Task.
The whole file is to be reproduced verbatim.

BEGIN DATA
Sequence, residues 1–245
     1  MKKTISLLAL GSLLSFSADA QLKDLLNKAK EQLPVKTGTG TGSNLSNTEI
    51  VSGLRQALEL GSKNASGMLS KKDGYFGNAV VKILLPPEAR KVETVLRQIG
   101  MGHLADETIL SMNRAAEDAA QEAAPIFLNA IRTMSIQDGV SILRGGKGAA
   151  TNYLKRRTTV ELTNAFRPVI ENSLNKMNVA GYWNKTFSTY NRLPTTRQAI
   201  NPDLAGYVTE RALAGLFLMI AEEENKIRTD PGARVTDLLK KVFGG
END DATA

Sequence, residues 1–245
     1  MKKTISLLAL GSLLSFSADA QLKDLLNKAK EQLPVKTGTG TGSNLSNTEI
    51  VSGLRQALEL GSKNASGMLS KKDGYFGNAV VKILLPPEAR KVETVLRQIG
   101  MGHLADETIL SMNRAAEDAA QEAAPIFLNA IRTMSIQDGV SILRGGKGAA
   151  TNYLKRRTTV ELTNAFRPVI ENSLNKMNVA GYWNKTFSTY NRLPTTRQAI
   201  NPDLAGYVTE RALAGLFLMI AEEENKIRTD PGARVTDLLK KVFGG